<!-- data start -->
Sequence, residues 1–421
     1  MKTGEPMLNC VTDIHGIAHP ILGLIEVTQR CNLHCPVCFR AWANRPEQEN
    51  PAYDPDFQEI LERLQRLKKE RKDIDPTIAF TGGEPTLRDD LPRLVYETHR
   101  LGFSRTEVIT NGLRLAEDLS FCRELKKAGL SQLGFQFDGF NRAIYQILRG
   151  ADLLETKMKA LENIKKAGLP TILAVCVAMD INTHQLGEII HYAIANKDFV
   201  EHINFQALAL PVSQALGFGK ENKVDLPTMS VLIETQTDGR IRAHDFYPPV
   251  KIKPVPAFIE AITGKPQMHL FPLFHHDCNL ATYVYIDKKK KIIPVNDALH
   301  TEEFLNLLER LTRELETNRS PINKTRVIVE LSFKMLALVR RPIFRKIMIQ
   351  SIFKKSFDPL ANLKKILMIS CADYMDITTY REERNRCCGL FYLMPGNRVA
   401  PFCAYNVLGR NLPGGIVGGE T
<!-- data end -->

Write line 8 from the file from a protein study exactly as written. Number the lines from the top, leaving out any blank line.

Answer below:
   301  TEEFLNLLER LTRELETNRS PINKTRVIVE LSFKMLALVR RPIFRKIMIQ